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Introduction Back to Top

Arabic Philosophy refers to philosophical thought in the Arab world that spans Persia, the Middle East, North Africa, and Iberia, although, as a particular centre of intellectual endeavour, Persian Philosophy is often treated separately. Some schools of Arabic thought, including Avicennism and Averroism are also often considered within the traditons of Western philosophy.

History of Arabic Philosophy Back to Top

The first great Arab thinker is widely regarded to be al-Kindi (801 - 873 A.D.), a Neo-Platonic philosopher, mathematician and scientist who lived in Kufa and Baghdad (modern day Iraq). After being appointed by the Abbasid Caliphs to translate Greek scientific and philosophical texts into Arabic, he wrote a number of original treatises of his own on a range of subjects, from metaphysics and ethics to mathematics and pharmacology. Much of his philosophical output focuses on theological subjects such as the nature of God, the soul and prophetic knowledge.

His near-contemporary, the Persian (or possibly Central Asian) polymath al-Farabi (872 - 950 A.D.), made use of the logical treatises of Aristotle and the practical political philosophy of Plato, and employed arguments for the existence of God which would only make their way into the Christian tradition in the 13th Century. He is credited with over one hundred works and his output, aimed at synthesis of philosophy and Sufism, paved the way for Avicenna's later work.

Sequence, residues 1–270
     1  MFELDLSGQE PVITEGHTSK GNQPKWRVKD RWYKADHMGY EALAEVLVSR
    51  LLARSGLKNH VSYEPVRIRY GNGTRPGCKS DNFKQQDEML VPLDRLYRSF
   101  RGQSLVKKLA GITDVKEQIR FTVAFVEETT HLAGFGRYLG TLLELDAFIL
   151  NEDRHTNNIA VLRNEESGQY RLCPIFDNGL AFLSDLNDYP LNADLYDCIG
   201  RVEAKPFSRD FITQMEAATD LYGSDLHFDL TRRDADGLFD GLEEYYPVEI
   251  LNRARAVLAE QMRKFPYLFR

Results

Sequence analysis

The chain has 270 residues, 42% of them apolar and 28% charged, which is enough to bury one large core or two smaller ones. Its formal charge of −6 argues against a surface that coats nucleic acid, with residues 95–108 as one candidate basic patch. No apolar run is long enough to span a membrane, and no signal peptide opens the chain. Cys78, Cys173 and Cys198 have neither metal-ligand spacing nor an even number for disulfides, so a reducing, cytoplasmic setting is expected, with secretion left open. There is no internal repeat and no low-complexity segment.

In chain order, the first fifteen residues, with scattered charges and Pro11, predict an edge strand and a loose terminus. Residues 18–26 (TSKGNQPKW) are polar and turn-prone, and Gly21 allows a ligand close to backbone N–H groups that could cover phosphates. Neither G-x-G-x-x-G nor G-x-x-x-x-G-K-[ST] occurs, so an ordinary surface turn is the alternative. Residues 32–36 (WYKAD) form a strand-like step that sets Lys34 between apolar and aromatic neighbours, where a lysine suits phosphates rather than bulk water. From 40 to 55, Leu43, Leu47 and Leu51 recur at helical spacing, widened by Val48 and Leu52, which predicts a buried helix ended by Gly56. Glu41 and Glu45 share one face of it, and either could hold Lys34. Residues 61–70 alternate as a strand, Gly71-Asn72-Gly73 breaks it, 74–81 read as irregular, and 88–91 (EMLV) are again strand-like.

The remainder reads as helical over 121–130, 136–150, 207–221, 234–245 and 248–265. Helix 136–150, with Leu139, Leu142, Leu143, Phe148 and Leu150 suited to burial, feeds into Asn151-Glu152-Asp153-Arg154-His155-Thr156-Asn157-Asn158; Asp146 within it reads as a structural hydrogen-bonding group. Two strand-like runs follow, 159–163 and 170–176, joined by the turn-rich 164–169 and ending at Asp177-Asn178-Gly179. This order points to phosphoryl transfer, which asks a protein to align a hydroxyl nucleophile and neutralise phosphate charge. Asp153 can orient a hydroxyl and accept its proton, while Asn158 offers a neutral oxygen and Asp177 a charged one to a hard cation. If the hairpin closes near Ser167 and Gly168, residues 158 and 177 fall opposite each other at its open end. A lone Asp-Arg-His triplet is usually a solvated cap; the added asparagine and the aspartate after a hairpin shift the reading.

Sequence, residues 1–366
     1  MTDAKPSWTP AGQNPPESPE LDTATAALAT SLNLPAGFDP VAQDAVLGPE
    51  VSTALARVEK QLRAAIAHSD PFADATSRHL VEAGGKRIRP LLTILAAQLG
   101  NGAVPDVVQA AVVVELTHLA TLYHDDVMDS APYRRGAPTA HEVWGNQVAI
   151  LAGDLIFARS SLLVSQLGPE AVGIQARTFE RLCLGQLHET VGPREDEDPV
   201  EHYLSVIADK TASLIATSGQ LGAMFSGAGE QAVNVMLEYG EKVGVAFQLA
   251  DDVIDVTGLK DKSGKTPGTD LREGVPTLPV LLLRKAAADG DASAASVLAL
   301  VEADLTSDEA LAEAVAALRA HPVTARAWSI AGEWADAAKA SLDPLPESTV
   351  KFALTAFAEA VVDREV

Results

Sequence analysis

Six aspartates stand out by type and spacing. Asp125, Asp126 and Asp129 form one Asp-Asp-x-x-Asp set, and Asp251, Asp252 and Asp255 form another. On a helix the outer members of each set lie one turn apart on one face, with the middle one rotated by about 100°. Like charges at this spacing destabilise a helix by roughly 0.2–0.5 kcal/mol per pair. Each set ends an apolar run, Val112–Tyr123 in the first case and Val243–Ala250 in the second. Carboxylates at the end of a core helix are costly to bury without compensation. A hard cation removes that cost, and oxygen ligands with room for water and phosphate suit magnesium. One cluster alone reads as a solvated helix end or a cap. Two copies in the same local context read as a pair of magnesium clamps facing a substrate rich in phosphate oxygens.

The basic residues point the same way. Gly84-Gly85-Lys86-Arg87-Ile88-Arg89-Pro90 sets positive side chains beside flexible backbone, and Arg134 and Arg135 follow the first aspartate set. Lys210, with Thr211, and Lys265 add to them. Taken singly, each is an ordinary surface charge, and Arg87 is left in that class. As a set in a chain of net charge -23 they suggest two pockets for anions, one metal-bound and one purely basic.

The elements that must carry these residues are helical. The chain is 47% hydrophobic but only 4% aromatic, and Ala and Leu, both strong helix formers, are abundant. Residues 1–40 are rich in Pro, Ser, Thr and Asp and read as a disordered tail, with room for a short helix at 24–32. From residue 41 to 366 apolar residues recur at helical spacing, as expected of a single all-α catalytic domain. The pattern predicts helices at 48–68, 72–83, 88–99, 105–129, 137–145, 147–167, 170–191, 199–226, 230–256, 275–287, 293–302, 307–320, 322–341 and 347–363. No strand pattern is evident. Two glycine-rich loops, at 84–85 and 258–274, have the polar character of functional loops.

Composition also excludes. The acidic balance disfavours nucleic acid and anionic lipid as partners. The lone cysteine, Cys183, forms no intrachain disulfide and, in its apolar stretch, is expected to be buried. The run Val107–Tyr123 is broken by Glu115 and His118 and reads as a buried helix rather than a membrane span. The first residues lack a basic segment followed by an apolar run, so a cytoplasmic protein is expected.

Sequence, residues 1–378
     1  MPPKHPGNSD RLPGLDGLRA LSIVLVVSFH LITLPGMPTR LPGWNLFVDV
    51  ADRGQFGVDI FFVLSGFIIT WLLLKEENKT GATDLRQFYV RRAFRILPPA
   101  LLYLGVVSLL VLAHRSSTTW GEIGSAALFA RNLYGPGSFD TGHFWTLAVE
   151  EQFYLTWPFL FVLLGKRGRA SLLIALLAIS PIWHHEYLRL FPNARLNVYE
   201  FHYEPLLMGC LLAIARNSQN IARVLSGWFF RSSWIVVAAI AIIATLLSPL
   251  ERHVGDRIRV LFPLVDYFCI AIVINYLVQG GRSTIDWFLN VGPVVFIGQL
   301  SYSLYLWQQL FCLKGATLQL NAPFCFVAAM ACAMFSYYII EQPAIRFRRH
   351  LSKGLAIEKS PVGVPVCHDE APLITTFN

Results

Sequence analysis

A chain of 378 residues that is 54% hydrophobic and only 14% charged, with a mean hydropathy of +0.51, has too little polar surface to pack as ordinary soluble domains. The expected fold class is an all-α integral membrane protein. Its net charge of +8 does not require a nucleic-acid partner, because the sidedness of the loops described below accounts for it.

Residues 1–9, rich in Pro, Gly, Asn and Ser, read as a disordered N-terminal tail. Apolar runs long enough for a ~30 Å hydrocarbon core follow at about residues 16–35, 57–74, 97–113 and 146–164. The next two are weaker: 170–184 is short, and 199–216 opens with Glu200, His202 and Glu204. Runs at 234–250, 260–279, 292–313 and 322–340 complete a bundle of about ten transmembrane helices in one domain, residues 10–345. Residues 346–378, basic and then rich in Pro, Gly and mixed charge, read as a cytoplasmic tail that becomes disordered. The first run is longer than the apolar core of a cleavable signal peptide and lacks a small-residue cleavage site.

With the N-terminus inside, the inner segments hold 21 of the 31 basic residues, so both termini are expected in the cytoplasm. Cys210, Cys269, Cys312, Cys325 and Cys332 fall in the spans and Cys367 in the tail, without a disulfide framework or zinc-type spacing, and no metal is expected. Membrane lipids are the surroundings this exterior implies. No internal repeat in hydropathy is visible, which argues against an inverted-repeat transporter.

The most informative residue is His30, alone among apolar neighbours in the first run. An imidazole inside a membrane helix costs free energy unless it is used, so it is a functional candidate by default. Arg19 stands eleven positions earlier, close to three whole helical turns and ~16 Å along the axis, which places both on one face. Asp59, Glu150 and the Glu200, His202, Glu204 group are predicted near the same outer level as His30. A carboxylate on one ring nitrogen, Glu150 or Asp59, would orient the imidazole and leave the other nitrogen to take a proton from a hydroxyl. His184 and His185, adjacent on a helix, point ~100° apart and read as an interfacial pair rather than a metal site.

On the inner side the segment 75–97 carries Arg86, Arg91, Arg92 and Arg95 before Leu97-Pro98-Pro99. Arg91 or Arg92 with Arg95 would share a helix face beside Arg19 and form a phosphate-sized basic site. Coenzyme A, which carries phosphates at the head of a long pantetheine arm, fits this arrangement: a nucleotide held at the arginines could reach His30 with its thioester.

The 11th-century Persian Islamic philosopher Avicenna (also known as Ibn Sina) attempted to reconcile Western Aristotelianism and Neoplatonism with Islamic theology, and his metaphysics were very influencial on the Western Scholastics and St. Thomas Aquinas among others. He proposed an ontological argument for the existence of God as the first cause of all things, and developed his own system of Avicennian logic.

The 13th Century Arab philosopher AverroŽs (also known as Ibn Rushd) has been described as the founding father of secular thought in Western Europe. He lived in southern Spain and Morocco and based his work on interpretations of Aristotle and the reconciliation of Aristotelianism with the Islamic faith. Devoted to the teachings of Aristotle, he often disagreed explicitly with his Islamic predecessors, particularly with the Ash'arite al-Ghazali and Avicenna.

The 14th Century Ash'arite philosopher and scholar Ibn Khaldun (1332 - 1406), born in present-day Tunisia, is considered one of the greatest Arabic political theorists, and his definition of government as "an institution which prevents injustice other than such as it commits itself" is still considered a succinct analysis. He is sometimes credited as a "father" of demography, cultural history, historiography, the philosophy of history, sociology and modern economics for anticipating many elements of these disciplines centuries before they were developed.

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